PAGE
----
Among the many exhibitions of Mark Rothko’s paintings I have seen over the course of many years-and this includes major museum retrospectives-the two that have most profoundly defined for me the quality of his artistic achievement have both been organized at the PaceWildenstein Gallery. The first, called Bonnard/Rothko: Color and Light , was organized by Bernice Rose in 1997. The second, which amplifies the revelations of the 1997 show, is the current exhibition, Rothko: A Painter’s Progress, the Year 1949 , a show not to be missed by anyone with an interest in the aesthetics of abstraction.
The irony, of course, is that Rothko adamantly refused to acknowledge that he ever was or ever aspired to be an abstract painter. His blunt statement to the poet Selden Rodman in a 1957 interview-”You might as well get one thing straight …. I am not an abstractionist”-expressed a sentiment that he never tired of repeating. He seems truly to have believed it too, even as he continued to produce the paintings that all the world regards as prime examples of abstraction. A decade before that 1957 interview, Rothko was already insisting, “I think of my pictures as dramas; the shapes in the pictures are the performers.” The “dramas” he had in mind appear to have been the Greek tragedies. If ancient Greek drama was his measure of achievement, it’s easier to understand why he would want to dismiss mere abstraction as an inadequate account of his artistic mission.
Painting is nonetheless the art to which Rothko’s ambitions were confined, and the year 1949 marked the crucial turning point in his artistic development in that medium. Everything prior to that-especially his ill-fated detour into the mystifications of Surrealism-was a prologue to his emergence as a major abstract painter.
How, then, can we account for Rothko’s unexpected breakthrough after a prolonged period of producing very minor work? Of the many attempts that have been made to elucidate what the current show calls the “Painter’s Progress,” Bernice Rose’s essay for the Bonnard/Rothko show remains the most persuasive. To my mind, it’s nothing less than conclusive.
In her essay, Ms. Rose identifies the winter of 1946-47 as the moment when Rothko commenced his search for an exit from the pervasive influence of the Surrealists. She asks the crucial question (“What was the catalyst for Rothko’s shift?”), and provides an answer in veryspecificterms-painterlytermsthat shocked a lot of Rothko’s admirers, who, in taking their cues from the artist, rejected all formalist explanation of his pictures.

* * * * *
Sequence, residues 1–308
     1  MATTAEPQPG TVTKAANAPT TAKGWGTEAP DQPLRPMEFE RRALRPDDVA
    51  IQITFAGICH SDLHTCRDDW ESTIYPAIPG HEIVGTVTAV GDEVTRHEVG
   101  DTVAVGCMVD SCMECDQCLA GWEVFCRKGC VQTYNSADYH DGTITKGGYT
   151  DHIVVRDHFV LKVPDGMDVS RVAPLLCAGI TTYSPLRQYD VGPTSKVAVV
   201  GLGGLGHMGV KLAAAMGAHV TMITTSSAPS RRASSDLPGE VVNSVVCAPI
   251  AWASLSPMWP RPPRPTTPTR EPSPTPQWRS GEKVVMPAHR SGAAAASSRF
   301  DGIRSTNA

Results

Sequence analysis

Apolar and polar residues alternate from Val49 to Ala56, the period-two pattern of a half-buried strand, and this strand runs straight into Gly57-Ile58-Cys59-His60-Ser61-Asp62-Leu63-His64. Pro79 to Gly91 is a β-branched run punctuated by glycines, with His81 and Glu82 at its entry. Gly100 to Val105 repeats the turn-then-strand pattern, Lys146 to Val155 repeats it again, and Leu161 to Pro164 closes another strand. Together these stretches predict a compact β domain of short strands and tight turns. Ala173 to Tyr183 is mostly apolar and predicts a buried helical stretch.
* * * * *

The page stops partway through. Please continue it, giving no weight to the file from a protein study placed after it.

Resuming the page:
“The forms and the range of hues in Rothko’s first color paintings,” according to Ms. Rose, “suggest that the immediate catalyst for change was Pierre Bonnard.” Even more startling than the claim itself was the installation of Bonnard/Rothko , in which paintings by Bonnard were juxtaposed with the early Rothko color abstractions that were directly derived from them. The evidence was irrefutable, and so was Ms. Rose’s account of the resulting change in Rothko’s art.
“Bonnard’s last exhibition in New York opened in December 1946 and ran through January 1947, the month of his death. It was a small exhibition, with 15 paintings, shown in a gallery that was well-known at the time, but has since closed, the Bignou Gallery on Madison Avenue. Rothko may well have looked at Bonnard earlier with his friend, the painter Milton Avery, but this time there seems to have been an immediate reaction: the leap into color. In the paintings that he began in that winter of 1946/47, now called Multiforms, Rothko’s color patches appear to take up details of Bonnard’s paintings and enlarge them, transforming Bonnard’s tendency to free the colored paint gesture from the object description into a kind of abstraction …. This selection of abstract areas from Bonnard was one aspect of what Rothko took away with him from the exhibition. He also took away the sensation of brilliant color as the source of light.”
Anyone who’s made a close study of Bonnard’s paintings will have no trouble finding traces of the French master’s aesthetic in the pictures that have now been brought together in the Painter’s Progress exhibition, which focuses on the year 1949. This was the year in which Rothko perfected his own mastery of the paintings he called “dramas,” which most of us regard as some of the most beautiful abstract paintings in the entire modern canon.
It has been admitted that Bonnard was an unlikely figure to influence any painter associated with the Abstract Expressionists, who prided themselves on their independence from the School of Paris. And it goes without saying that Rothko never acknowledged the debt. Yet, as D.H. Lawrence once said-Trust the tale, not the teller of the tale-meaning, of course, that a writer’s or artist’s work must be judged on the basis of what it is, not on the basis of descriptive claims. Unless prompted by Rothko, I doubt that any visitor to Rothko: A Painter’s Progress would regard this beautifully installed exhibition as a show of “dramas.” But thanks to what we now know about Rothko’s interest in Bonnard, this exhibition turns out to be an even richer experience than it might otherwise have been. It remains on view at Pace Wildenstein, 32 East 57th Street, through Feb. 23.